The Kings of Summer: With vacation dwindling, Hastings Little League just kept winning...all the way to Williamsport

The Kings of Summer: With vacation dwindling, Hastings Little League just kept winning...all the way to Williamsport

By Tyler Dahlgren

It’s late September, a month since 10 ballplayers from Hastings saw their wild ride to the Little League World Series come to an end, and Hunter Nepple can still close his eyes and feel the dirt beneath his cleats.

“You’ve never played on an infield that perfectly smooth or grass that perfectly trimmed and green,” said Nepple, a shortstop and one of Hastings’ ace pitchers. “You walk out onto the field where every game you’ve ever watched happened, and you almost have to pinch yourself.”

Williamsport, PA is the Mecca of Little League baseball, a place that no Nebraska team had ever reached before Hastings went on their run. A string of thrills and nail-biters, poise and jaw-dropping highlights that folks in this Central Nebraska town of 25,000 won’t soon forget.

“We played as good as we could play, and we made it a long way,” said Nepple.

The moment “Back to School” ads started taking over television and radio waves, the boys could feel their summer vacation dwindling. When swimming pools close up shop and the calendar flips from July to August, kids across America have long wished with all their might for a couple extra weeks of leisure.

Hastings Little League cracked the code.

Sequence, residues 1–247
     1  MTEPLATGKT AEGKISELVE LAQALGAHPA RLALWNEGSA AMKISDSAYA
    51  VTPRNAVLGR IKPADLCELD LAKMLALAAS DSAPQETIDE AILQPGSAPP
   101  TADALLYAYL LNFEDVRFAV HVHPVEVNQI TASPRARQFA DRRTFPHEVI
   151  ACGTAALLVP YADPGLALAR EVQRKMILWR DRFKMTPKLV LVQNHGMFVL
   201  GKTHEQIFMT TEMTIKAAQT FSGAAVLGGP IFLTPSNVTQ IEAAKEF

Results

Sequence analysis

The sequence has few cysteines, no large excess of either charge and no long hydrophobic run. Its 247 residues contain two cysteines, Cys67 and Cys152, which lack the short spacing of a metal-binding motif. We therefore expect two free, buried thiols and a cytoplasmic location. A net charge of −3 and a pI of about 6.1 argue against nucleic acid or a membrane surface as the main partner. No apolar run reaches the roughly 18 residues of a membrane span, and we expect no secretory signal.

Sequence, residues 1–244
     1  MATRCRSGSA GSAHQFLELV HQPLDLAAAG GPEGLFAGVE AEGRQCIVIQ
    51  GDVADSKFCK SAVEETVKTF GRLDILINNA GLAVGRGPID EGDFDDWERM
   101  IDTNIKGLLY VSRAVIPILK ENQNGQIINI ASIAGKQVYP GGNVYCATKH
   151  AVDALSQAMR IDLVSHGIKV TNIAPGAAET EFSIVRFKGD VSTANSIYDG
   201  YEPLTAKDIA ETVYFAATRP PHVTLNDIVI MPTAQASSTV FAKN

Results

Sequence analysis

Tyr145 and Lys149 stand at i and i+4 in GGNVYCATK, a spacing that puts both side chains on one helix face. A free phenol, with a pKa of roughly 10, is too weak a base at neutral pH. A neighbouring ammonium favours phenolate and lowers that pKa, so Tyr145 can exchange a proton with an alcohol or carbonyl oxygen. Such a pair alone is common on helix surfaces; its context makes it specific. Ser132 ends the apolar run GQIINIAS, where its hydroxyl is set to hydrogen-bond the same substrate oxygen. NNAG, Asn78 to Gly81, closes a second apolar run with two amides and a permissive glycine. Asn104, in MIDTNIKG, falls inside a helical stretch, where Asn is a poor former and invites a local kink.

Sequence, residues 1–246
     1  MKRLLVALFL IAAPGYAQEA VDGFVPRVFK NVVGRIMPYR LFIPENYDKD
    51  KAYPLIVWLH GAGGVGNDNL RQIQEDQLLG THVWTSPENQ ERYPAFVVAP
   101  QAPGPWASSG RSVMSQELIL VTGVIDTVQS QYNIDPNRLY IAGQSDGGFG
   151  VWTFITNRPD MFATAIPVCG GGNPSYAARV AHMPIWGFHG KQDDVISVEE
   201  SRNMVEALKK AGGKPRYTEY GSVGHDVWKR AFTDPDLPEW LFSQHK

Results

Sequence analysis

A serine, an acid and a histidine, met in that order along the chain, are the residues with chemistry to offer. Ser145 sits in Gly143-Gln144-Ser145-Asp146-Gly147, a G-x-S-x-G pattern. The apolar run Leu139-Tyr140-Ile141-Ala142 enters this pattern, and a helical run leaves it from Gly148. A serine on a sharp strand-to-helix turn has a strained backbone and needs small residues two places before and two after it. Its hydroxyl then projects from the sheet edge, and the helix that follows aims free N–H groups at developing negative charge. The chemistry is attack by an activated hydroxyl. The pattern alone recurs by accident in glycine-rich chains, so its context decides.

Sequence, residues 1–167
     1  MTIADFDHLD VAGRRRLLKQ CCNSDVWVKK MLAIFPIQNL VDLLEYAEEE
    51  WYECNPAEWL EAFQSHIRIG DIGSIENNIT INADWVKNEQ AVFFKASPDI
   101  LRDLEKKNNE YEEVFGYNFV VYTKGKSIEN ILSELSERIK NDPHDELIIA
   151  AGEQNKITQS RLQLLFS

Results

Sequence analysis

Refusing to let summer slip away, the All-Star team started winning. They took districts. Then they won state. The community followed along as the team battled through regionals in Indianapolis and erupted with joy when right-fielder Jude Johnson made a highlight-reel snag in the bottom of the sixth to clinch a win over Iowa and a spot in the LLWS. The team would blank South Dakota 6-0 to claim the regional title the next day.

“Man, was it a really cool experience,” said shortstop/pitcher Kowen Rader, who, like Nepple, is in the 7th-grade at Adams Central. “I wish every single kid who plays baseball could experience it.”

Back home, Adams Central Middle School began the new school year with a handful of empty desks. A week later, Hastings Middle School did the same.

After operating for 18 months in a global pandemic, formatting a continuance of learning plan with a positive twist was a welcomed change-up. Students were equipped with Chromebooks (one of the pandemic’s silver linings, added Hastings Superintendent Jeff Schneider), and study time was built into each day.

“After dealing with COVID, this situation was great,” said Adams Central Superintendent Shawn Scott. “It was very simple because of the structure we have in place.”

Communication was key. Both Scott and Schneider praised parents for working so well with the schools while the boys willed their way to Williamsport. It helped, too, that the schools had a closer of their own working in the bullpen in Shannon Nepple, Hunter’s mom and Assistant Principal at Adams Central Elementary.

“She kept me very well-informed and she really was kind of the ‘Mama Bear’ on the homework side of things, just making sure the kids were staying on top of things,” said Scott. “When the kids came back, they weren’t three weeks behind in class. They could get things done out there, maybe not everything, but they didn’t fall way behind and that was a huge positive.”

The trick for Hastings Middle School was bringing their four students up to speed once the tournament ended. Players in the sixth-grade returned to a new school, one they hadn’t even toured yet, with new peers (Hastings Middle School is a melting pot for students moving in from five different elementary schools in the district) and new teachers.